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. 2012;7(10):e43192.
doi: 10.1371/journal.pone.0043192. Epub 2012 Oct 10.

Genome-wide Characterization of Pancreatic Adenocarcinoma Patients Using Next Generation Sequencing

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Free PMC article

Genome-wide Characterization of Pancreatic Adenocarcinoma Patients Using Next Generation Sequencing

Winnie S Liang et al. PLoS One. .
Free PMC article

Abstract

Pancreatic adenocarcinoma (PAC) is among the most lethal malignancies. While research has implicated multiple genes in disease pathogenesis, identification of therapeutic leads has been difficult and the majority of currently available therapies provide only marginal benefit. To address this issue, our goal was to genomically characterize individual PAC patients to understand the range of aberrations that are occurring in each tumor. Because our understanding of PAC tumorigenesis is limited, evaluation of separate cases may reveal aberrations, that are less common but may provide relevant information on the disease, or that may represent viable therapeutic targets for the patient. We used next generation sequencing to assess global somatic events across 3 PAC patients to characterize each patient and to identify potential targets. This study is the first to report whole genome sequencing (WGS) findings in paired tumor/normal samples collected from 3 separate PAC patients. We generated on average 132 billion mappable bases across all patients using WGS, and identified 142 somatic coding events including point mutations, insertion/deletions, and chromosomal copy number variants. We did not identify any significant somatic translocation events. We also performed RNA sequencing on 2 of these patients' tumors for which tumor RNA was available to evaluate expression changes that may be associated with somatic events, and generated over 100 million mapped reads for each patient. We further performed pathway analysis of all sequencing data to identify processes that may be the most heavily impacted from somatic and expression alterations. As expected, the KRAS signaling pathway was the most heavily impacted pathway (P<0.05), along with tumor-stroma interactions and tumor suppressive pathways. While sequencing of more patients is needed, the high resolution genomic and transcriptomic information we have acquired here provides valuable information on the molecular composition of PAC and helps to establish a foundation for improved therapeutic selection.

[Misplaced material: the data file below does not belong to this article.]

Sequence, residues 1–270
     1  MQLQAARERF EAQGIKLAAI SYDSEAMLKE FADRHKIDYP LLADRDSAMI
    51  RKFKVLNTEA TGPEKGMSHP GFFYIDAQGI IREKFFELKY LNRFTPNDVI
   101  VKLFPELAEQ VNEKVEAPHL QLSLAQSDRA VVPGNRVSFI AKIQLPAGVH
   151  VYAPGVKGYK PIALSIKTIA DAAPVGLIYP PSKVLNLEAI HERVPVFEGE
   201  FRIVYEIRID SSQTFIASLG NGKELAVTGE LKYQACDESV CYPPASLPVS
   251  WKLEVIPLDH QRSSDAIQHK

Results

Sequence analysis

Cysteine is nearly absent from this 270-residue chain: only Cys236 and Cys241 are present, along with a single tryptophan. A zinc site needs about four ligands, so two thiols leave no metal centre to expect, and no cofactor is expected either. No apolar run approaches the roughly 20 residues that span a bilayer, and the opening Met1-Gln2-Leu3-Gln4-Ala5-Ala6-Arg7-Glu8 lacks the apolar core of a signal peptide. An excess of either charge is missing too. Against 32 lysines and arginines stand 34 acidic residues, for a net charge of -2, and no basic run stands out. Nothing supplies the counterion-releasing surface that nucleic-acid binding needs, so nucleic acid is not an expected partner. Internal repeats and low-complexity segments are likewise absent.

Conflict of interest statement

Competing Interests: The authors have declared that no competing interests exist.

Figures

Figure 1
Figure 1. Patient 1 Circos Plot.
This plot summarizes all significant genomic events that were identified in patient 1 using WGS. Copy number changes are shown in the inner circle plot with red marking amplifications and green marking deletions. SNVs are indicated with dark blue tick marks and indels are indicated with light blue tick marks.
Figure 2
Figure 2. Patient 2 Circos Plot.
This plot summarizes all significant genomic events that were identified in patient 2 using WGS. Copy number changes are shown in the inner circle plot with red marking amplifications and green marking deletions. SNVs are indicated with dark blue tick marks and indels are indicated with light blue tick marks.
Figure 3
Figure 3. Patient 3 Circos Plot.
This plot summarizes all significant genomic events that were identified in patient 3 using WGS. Copy number changes are shown in the inner circle plot with red marking amplifications and green marking deletions. SNVs are indicated with dark blue tick marks and indels are indicated with light blue tick marks.
Figure 4
Figure 4. Pathway analysis of WGS and RNAseq results.
Whole genome and RNAseq data were integrated and analyzed using GeneGo's Metaminer Pancreatic Cancer Disease module to identify pathways that may be affected by mutations and/or significant expression changes (q-value<0.05, corrected). The top pathways (minimum mapping p-value across all WGS and RNAseq datasets <0.05) are summarized based off of GeneGo maps. Breakdown of affected pathways in each patient are shown in Table S4.

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